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Discuss Latest WCI Blog Post: The Case for Private Real Estate

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  • pit.alumni
    replied
    I like the income and diversification I have from direct ownership of RE. With that said, you have to realize to do it right there is work involved. However, for me I enjoy the RE work. I like the process from identifying acquisitions, to planning renovations, to calculating returns. I like watching HGTV and going to Home Depot or Floor Decor and more and choosing materials. It's satisfying to oversee a renovation and watch your equity and income grow at the same time. I don't enjoy leasing, navigating fair housing laws (how do you deal with a "therapy" pit bull) or fielding tenant calls so I have a property manager for that. And no, I've never gotten a call at 2AM for a leaky toilet.

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  • Eyemd356
    replied
    I think it’s also important to differentiate whether real estate investment is direct ownership of residential versus commercial (office, industrial, retail).
    my experience has been in industrial-which has done well in this pandemic economy. ( compared to office (huge vacancy rates)😬and retail (getting killed by online commerce).

    industrial doesn’t suffer the same issues as residential when it comes to tenant eviction/rent freeze, high turnover, property damage, etc.

    It isn’t as much work as residential, but it certainly is NOT passive income

    The returns are historically more modest
    at ~5% tho.
    Last edited by Eyemd356; 01-07-2022, 04:36 PM.

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  • dennis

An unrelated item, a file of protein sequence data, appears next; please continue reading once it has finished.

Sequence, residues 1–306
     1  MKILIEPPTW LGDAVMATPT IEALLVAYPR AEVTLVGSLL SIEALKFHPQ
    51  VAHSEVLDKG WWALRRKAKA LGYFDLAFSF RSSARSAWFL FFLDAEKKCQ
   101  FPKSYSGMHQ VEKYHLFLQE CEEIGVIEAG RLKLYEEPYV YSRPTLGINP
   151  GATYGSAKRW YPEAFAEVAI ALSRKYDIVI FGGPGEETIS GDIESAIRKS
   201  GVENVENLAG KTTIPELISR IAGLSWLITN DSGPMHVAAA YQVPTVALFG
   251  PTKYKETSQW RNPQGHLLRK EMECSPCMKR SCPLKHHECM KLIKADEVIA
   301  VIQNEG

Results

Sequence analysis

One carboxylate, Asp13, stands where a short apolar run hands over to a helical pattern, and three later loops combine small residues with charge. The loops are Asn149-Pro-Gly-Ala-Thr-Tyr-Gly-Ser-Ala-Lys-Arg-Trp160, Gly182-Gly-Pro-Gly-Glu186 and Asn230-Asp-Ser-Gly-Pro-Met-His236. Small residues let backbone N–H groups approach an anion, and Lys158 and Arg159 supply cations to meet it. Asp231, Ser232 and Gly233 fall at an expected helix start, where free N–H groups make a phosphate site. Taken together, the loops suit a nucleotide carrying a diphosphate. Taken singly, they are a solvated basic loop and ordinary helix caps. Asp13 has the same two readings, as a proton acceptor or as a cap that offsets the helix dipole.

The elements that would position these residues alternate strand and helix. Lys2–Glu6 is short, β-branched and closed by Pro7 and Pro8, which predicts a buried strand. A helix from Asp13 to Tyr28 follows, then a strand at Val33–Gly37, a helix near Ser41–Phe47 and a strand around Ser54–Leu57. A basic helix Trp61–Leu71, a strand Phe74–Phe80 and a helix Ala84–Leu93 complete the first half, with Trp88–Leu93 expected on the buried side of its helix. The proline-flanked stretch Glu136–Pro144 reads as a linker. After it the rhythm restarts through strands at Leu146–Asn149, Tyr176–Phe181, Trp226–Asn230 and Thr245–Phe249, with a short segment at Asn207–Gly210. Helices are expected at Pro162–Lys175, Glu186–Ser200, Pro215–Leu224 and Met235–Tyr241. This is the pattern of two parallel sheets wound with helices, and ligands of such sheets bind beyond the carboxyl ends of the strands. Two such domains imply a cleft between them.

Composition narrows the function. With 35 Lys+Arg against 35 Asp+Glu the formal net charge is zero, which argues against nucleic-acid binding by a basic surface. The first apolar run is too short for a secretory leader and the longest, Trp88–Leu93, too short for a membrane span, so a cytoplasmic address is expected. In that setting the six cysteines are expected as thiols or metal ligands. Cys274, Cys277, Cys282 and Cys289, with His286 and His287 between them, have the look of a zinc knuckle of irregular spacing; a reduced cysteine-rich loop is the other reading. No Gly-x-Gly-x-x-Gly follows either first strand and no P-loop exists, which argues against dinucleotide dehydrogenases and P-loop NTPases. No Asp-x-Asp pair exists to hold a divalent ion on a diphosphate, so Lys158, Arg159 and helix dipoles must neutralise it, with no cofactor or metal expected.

replied
    As a real estate aficionado I agree it is not for everyone and is not the set and forget it path like index funds. To do it right takes a lot of extra time to learn and execute and still most real estate investors admit to mistakes. The trick is to learn from your mistakes (or hopefully from others) and not make the same mistakes. The tax advantages have been huge for me as a I am now REP status but the vast majority of real estate investors can't take full advantage as they are still working elsewhere. Real estate investing cycles like the other investment categories but more slowly and non-correlating as pointed out in the article. Right now it is way too much a seller's market and will take significant overbuilding and higher fed rates for it to come back to a buyer's market.

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  • Nysoz
    replied
    Real estate to me is completely optional. Index funds do just fine.

    Where real estate shines is tax benefits and 'safe' leverage.

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  • Larry Ragman
    replied
    I always enjoy these sorts of posts that challenge our collective "Bogleheads" wisdom (low cost index mutual funds for the win). I see real estate as valuable diversification for the investment portfolio, but also as optional. I have enjoyed teaching my kids about directly owned real estate as a more hands on path to wealth building in parallel to their 401k investments as part of their day jobs. On the flip side, I have looked many times and cannot make myself pull the trigger on the syndicates and funds. Just unwilling to give up the control, I guess. But that seems more a matter of investment preference than anything else.

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  • Discuss Latest WCI Blog Post: The Case for Private Real Estate

    Is it really worth investing in private real estate syndications, funds, or REITs? Here's why private real estate could be a good investment.

    The post The Case for Private Real Estate appeared first on The White Coat Investor - Investing & Personal Finance for Doctors.



    Click here to view the article!
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